Michael Brown Shooting Got National Attention. What About Deaths of Mentally Ill Prisoners?

Christopher Lopez, 35, sits restrained with a spit hood over his head in the final hours of his life. (Provided by the Colorado Department of Corrections via a lawsuit by the estate of Christopher Lopez)

Christopher Lopez, 35, sits restrained with a spit hood over his head in the final hours of his life. (Provided by the Colorado Department of Corrections via a lawsuit by the estate of Christopher Lopez)


While I was reading and watching news coverage of the Michael Brown shooting in Ferguson, Missouri,  I found myself thinking about the deaths of three prisoners who had severe mentally illnesses.

*Jerome Murdough, a 56 year-old former Marine with schizophrenia, died in his Rikers Island jail cell in New York  after he was arrested for sleeping in a stairwell to avoid inclement weather. Temperatures in his cell exceeded more than a 100 degrees and, as one city official later put it, Murdough “literally baked to death.” The officers watching him were supposed to be periodically checking on him, but didn’t.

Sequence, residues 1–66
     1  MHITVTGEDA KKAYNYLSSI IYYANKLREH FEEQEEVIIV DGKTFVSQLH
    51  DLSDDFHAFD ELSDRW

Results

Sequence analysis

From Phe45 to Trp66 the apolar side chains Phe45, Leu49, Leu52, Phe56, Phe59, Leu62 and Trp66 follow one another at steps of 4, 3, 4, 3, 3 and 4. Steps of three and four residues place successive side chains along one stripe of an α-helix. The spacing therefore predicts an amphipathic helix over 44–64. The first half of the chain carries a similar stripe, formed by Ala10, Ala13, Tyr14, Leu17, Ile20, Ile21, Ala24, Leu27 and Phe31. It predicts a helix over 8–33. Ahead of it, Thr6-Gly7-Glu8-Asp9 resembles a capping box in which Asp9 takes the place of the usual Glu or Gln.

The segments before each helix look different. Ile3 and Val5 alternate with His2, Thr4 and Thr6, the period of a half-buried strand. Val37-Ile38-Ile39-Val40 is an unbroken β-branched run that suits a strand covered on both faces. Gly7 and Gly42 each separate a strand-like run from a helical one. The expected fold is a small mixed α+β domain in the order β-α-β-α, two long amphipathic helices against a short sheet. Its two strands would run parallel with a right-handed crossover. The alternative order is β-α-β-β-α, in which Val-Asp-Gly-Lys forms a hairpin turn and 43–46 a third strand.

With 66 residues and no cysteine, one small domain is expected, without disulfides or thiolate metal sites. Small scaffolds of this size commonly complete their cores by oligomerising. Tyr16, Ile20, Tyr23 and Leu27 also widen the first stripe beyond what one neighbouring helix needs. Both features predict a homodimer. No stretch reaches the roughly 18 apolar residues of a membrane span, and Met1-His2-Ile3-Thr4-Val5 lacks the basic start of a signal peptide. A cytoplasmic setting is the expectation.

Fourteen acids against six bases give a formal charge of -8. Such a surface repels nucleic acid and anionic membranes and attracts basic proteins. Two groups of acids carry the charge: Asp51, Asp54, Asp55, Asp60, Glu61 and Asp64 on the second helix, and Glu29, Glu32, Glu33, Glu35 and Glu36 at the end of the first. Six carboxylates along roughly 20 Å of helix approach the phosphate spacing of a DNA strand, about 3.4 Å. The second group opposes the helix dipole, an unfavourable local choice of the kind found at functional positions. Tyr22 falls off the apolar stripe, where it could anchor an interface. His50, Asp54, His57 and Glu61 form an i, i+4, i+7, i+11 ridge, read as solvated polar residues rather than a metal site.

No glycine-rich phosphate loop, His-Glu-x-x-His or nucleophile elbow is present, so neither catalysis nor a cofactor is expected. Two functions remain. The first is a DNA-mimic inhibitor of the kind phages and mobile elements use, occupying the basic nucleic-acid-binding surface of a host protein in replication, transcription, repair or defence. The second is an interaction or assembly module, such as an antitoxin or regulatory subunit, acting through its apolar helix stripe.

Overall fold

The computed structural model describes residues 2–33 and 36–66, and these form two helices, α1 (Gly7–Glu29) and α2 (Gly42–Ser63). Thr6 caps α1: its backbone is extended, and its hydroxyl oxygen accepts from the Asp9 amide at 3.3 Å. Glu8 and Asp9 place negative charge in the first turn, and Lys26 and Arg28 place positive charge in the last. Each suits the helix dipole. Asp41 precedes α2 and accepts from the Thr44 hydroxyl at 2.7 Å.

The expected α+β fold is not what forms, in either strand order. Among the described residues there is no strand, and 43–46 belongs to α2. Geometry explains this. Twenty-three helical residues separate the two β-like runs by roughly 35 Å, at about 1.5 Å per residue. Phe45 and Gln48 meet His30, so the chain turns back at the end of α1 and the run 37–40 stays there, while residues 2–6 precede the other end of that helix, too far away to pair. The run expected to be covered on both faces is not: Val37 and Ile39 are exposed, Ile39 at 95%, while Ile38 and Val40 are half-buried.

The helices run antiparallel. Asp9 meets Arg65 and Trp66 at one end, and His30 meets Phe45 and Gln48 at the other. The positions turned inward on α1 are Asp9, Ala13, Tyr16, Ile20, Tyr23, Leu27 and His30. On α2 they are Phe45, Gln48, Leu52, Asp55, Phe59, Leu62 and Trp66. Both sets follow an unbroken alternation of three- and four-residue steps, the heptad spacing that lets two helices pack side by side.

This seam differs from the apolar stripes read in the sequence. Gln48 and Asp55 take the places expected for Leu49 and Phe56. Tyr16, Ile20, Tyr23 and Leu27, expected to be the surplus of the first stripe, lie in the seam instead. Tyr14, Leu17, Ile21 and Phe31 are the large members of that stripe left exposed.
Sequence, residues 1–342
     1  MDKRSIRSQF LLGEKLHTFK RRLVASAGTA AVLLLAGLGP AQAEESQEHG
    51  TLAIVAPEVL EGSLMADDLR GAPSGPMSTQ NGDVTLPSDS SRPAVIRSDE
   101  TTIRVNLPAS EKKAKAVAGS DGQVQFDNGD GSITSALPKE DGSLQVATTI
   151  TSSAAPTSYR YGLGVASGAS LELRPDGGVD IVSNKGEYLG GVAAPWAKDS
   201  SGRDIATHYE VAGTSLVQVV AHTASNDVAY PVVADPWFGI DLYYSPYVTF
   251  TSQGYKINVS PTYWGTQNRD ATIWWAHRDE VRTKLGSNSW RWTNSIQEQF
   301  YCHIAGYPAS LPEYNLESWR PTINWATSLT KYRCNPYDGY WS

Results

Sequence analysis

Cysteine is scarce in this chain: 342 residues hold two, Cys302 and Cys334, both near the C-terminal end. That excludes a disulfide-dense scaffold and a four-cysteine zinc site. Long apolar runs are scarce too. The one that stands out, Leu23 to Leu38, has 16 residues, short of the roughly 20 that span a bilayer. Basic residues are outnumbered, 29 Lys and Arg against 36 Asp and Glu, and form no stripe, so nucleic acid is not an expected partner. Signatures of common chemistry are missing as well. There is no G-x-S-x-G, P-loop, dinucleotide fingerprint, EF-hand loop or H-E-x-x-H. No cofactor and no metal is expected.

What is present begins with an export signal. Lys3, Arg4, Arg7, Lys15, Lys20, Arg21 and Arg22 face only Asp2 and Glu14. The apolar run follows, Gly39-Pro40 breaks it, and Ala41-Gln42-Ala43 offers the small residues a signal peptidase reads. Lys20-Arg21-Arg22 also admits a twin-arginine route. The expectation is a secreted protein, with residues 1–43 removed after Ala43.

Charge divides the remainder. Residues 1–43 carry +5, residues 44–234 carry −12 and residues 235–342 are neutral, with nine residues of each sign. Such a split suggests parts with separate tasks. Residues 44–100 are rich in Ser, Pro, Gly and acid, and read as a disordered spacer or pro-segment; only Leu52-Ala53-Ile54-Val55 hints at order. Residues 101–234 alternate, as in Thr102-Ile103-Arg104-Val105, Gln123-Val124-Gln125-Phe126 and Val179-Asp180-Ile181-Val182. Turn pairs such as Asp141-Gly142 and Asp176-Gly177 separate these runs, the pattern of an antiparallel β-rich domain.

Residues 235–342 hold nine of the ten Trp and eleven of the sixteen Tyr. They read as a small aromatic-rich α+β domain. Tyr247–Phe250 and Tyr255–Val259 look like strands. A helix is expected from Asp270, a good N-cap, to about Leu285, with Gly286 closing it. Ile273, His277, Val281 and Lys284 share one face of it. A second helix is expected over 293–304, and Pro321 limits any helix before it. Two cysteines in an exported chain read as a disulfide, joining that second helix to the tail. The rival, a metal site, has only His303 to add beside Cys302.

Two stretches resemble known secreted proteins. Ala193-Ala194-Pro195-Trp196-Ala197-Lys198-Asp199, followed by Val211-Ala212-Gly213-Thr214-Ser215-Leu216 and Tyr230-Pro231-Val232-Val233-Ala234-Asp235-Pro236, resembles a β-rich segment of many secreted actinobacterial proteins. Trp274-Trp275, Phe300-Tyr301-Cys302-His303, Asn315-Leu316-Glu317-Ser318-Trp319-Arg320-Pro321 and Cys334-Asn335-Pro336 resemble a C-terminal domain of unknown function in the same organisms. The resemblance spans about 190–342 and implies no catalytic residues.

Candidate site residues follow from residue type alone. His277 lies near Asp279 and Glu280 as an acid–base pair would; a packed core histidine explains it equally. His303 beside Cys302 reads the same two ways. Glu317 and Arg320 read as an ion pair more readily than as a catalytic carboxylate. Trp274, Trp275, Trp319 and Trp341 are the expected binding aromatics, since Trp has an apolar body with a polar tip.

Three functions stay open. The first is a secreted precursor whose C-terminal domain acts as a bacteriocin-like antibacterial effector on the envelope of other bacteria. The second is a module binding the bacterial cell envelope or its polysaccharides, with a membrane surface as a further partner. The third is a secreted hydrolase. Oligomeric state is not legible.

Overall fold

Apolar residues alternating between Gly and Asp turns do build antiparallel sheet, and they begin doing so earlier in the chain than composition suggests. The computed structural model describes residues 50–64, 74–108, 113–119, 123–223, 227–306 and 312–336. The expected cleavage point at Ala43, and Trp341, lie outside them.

*Darren Rainey, age 50, was locked in a shower stall with steam and scalding water for more than an hour as punishment by correctional officers in Florida after he defecated in his cell and refused to clean it up.  His screams for help were ignored and when his lifeless body was removed from the stall, his skin showed signs of “slippage,” which happens when badly burned flesh literally begins falling off. Rainey had a mental illness and was serving time for cocaine possession.

*Christopher Lopez, age 35, died from severe hyponatremia, a condition that develops when a person’s sodium levels fall fatally low. It’s been suggested that Lopez had been given too much psychotropic medication, which caused his body to begin shutting down. According to a lawsuit filed earlier this year by his family, several guards, nurses, and a mental health clinician stood outside Lopez’s cell, where he was lying  manacled on the floor, talking casually and laughing while he suffered a series of seizures. He had schizophrenia.